Anthony Van Dyke was born on March 22, 1599 in Antwerp. In 1632, he visited England for the second time and soon became Charles I's official court and portrait painter, developing a flattering style that influenced later painters like Kneller and Lely. In 2009, the Tate Britain held an exhibition titled "Van Dyck and Britain":
Sir Anthony van Dyck (1599-1641) was the greatest painter in seventeenth-century Britain. Though trained in Flanders, he had a huge impact on British cultural life as the principal painter at King Charles I’s ostensibly elegant court, where his impact was similar to that of Hans Holbein at the court of Henry VIII.
Van Dyck was born and trained in the great art centre of Antwerp. He made a brief visit to London in 1620-21 before returning in 1632 to King Charles I’s court. Intensely ambitious and hugely productive, he re-invented portrait-painting in Britain, retaining his pre-eminence until his premature death at the age of 42. Working in a period of intense political ferment during the run-up to the British Civil War, van Dyck portrayed many of the leading characters of the period. His iconic portraits of King Charles I have shaped our view of the Stuart monarchy, while the compositions he used influenced many future generations of British painters.
This visually sumptuous exhibition brings together some of the finest and most magnificent paintings that van Dyck produced during his years in Britain. It also reveals his continuing visual legacy through portraits by artists from the eighteenth to twentieth centuries, including Sir Joshua Reynolds and John Singer Sargent. Featuring loans from The Royal Collection and The National Trust, this exhibition explores the context of van Dyck’s key English works, examining his innovative approach to painting the British elite. It also looks at his use of costume and his luscious, sparkling depiction of the rich fabrics of the period, and how his art was itself influenced by more local British painting.
Of his style and method of portraying the royal family, the exhibition notes:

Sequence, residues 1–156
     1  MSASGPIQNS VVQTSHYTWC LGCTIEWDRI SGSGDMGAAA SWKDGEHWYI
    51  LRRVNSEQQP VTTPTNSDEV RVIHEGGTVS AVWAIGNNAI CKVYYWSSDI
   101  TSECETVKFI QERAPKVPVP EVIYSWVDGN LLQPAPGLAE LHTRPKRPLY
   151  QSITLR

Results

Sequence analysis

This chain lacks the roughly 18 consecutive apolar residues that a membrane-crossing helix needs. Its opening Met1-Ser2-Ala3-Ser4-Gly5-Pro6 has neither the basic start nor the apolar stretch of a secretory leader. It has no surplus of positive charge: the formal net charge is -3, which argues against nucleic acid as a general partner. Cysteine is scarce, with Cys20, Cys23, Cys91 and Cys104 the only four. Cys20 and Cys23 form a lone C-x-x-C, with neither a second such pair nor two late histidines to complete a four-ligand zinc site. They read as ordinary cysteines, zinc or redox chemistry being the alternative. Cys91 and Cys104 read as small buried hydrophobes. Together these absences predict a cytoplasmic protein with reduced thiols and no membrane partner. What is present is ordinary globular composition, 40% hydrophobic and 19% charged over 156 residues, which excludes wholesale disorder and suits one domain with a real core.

These royal portraits show van Dyck's ability to mix fantasy and reality in the representation of kingship. Charles I relied upon van Dyck to provide the idealising portraits that would bolster his public image. These paintings embodied the kings view of divine rule and of Neoplatonic ideas about the self-regulation of the passions. The portraits suggest a happy, settled ruling family at the head of a nation at ease with itself and with its king.
Of course, we know that wasn't so:
It was all an illusion. 'Loving rule' may have been implied by the portraits of the king and queen, the image of Cupid and Psyche, or the masques in which the royal couple participated at court. In fact, Charless relationship with Parliament had broken down, leaving him increasingly isolated. There was fear of Catholic conspiracies and discontent that the Protestant king had taken a Catholic wife.
Charles I's favor to a foreign and Catholic painter just compounded the Parliamentary view that Charles was too Catholic: the Puritans could point to his use of a Catholic artist as another cause of their discontent with the king's rule.
Van Dyke died in London before the English Civil War began.
Several of his paintings are in the National Gallery in London. Although Queen Henrietta Maria's chapel with its baroque Catholic paintings was ransacked and destroyed, the Royal collection gathered by Charles, including all the Royal Portraits seemed to have survived.